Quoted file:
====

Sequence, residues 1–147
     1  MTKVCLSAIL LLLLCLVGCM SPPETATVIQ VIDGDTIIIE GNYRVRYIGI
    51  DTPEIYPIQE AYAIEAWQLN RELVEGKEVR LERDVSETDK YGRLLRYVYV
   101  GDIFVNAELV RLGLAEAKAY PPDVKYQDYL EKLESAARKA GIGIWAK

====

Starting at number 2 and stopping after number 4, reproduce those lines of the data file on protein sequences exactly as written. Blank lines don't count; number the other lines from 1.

     1  MTKVCLSAIL LLLLCLVGCM SPPETATVIQ VIDGDTIIIE GNYRVRYIGI
    51  DTPEIYPIQE AYAIEAWQLN RELVEGKEVR LERDVSETDK YGRLLRYVYV
   101  GDIFVNAELV RLGLAEAKAY PPDVKYQDYL EKLESAARKA GIGIWAK